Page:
When is autumn 2020? Date and meaning behind the autumn equinox - and why two dates mark the start of the season
The summer solstice took place back in June, marking the start of the summer season.
This means the longest day of the year is now long behind us and the days are rapidly getting shorter.
But is summer officially over and has autumn now begun?
Here’s what you need to know.
When does autumn start this year?
The date that determines when autumn starts depends on which definition you are going with.
The two options are the meteorological and astronomical definitions.
The autumn equinox
This autumn equinox is when the sun is directly above the earth’s equator, and the day and night are of equal length.
This occurs as the sun passes the equator, moving from the northern hemisphere to the southern hemisphere, as the north pole gradually tilts away from the sun.
The first day of autumn this year falls on Tuesday 22 September, and autumn ends on 21 December.
There are two equinoxes that occur every year, the other of which is the Spring Equinox which marks the start of spring and takes place around 20 March.
Do equinoxes fall on the same date each year?
Equinoxes don't always fall on the same day every year, as they can occur up to six hours apart from previous years.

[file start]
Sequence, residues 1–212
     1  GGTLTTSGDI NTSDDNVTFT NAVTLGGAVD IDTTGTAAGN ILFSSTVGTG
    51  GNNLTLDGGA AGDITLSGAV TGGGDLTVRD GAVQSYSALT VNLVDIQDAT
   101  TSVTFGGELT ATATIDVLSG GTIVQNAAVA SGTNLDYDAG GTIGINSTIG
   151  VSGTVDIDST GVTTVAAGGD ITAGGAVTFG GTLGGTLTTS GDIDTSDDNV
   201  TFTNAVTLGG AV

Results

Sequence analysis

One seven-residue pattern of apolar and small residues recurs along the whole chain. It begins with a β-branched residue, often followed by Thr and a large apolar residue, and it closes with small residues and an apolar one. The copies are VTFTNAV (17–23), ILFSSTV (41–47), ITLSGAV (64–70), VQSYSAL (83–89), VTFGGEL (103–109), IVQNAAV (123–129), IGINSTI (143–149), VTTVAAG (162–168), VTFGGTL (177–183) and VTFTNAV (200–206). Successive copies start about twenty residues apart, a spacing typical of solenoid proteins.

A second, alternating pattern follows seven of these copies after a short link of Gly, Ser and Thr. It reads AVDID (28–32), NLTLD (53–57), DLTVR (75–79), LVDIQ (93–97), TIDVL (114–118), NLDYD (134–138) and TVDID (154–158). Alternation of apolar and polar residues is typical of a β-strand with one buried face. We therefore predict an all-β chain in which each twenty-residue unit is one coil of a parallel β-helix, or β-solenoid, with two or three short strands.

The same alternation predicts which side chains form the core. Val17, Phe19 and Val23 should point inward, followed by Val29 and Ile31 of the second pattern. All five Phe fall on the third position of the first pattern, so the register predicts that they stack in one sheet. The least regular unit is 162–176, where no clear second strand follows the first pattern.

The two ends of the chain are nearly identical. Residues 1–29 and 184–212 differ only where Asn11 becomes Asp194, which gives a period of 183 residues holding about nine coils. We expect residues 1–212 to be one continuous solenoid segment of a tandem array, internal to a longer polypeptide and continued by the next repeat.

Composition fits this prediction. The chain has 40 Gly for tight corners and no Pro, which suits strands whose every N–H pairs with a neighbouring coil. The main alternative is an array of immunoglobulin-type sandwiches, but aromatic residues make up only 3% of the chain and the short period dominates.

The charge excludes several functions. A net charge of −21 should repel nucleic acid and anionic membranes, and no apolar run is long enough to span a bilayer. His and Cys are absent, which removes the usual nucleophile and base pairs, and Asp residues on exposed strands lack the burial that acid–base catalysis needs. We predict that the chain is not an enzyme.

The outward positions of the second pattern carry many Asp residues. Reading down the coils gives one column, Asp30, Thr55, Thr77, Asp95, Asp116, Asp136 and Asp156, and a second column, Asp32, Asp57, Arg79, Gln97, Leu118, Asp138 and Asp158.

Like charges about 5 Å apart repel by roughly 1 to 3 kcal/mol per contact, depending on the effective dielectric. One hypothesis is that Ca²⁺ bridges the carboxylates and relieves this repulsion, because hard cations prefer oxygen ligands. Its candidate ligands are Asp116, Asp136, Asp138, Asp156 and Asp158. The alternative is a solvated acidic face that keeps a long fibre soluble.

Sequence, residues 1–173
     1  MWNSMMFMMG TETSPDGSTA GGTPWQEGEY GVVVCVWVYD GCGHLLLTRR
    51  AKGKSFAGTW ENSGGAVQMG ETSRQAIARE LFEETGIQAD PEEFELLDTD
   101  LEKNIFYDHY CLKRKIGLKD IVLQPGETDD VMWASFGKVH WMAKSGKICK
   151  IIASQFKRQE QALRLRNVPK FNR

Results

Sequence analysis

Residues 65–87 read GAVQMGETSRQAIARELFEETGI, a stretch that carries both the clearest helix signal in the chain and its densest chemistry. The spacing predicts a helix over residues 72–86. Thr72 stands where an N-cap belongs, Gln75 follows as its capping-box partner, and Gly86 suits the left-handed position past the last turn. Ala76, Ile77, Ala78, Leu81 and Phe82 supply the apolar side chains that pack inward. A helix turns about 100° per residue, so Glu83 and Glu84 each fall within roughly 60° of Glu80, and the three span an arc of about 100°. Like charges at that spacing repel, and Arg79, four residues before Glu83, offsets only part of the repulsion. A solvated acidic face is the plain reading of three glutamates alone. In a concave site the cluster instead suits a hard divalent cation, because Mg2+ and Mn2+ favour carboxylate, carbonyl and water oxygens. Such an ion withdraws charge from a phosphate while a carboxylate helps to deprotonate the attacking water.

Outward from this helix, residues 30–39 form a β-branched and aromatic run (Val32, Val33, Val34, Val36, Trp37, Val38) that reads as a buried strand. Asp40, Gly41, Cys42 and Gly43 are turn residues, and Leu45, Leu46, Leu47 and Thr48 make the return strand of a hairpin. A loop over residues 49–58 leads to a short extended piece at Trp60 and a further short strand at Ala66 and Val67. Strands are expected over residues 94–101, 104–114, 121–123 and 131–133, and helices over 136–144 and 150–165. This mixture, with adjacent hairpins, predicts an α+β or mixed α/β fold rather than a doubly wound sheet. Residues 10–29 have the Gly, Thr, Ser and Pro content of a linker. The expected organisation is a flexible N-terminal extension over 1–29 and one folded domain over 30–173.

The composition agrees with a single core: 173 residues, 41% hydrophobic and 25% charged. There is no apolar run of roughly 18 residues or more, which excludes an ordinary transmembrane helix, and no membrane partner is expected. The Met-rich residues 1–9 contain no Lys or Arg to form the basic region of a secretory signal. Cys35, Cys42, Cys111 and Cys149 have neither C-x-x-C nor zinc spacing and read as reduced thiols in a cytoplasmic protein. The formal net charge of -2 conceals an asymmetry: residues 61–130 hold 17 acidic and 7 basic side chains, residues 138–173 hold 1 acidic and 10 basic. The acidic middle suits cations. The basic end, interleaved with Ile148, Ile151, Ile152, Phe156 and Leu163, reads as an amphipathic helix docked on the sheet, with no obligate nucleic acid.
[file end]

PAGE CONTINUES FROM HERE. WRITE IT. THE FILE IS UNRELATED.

The autumnal equinox usually falls on either 22 or 23 September, while the spring equinox occurs on either 20 or 21 March.
The reason for these discrepancies is due to the time it takes for the earth to travel around the sun. This process takes 365.25 days, yet our calendars measure a full year to the nearest round number, which is 365.
Every four years, we have a leap year in which an extra date is added to our calendar to make up for the missing 0.25 days. The way we measure the years and our use of leap years essentially disrupts the date on which equinoxes are expected to fall.
When does meteorological autumn begin?
On the meteorological calendar, autumn always begins on 1 September and ends on 30 November.
Why is there different definitions for the seasons?
The reason there are two different definitions of each season, is due to how the seasons are measured.
Astronomical seasons are based on the position of earth in relation to the sun and this has been used to mark time for thousands of years due to observable natural and celestial occurrences.
Meteorological seasons on the other hand are calculated by meteorologists and climatologists by using the annual temperature cycle.
They break down the seasons into four groups, each lasting three months.
Meteorological spring consists of March, April, and May, whereas summer includes June, July, and August.
Meteorological autumn includes the months of September, October, and November while winter is December, January, and February.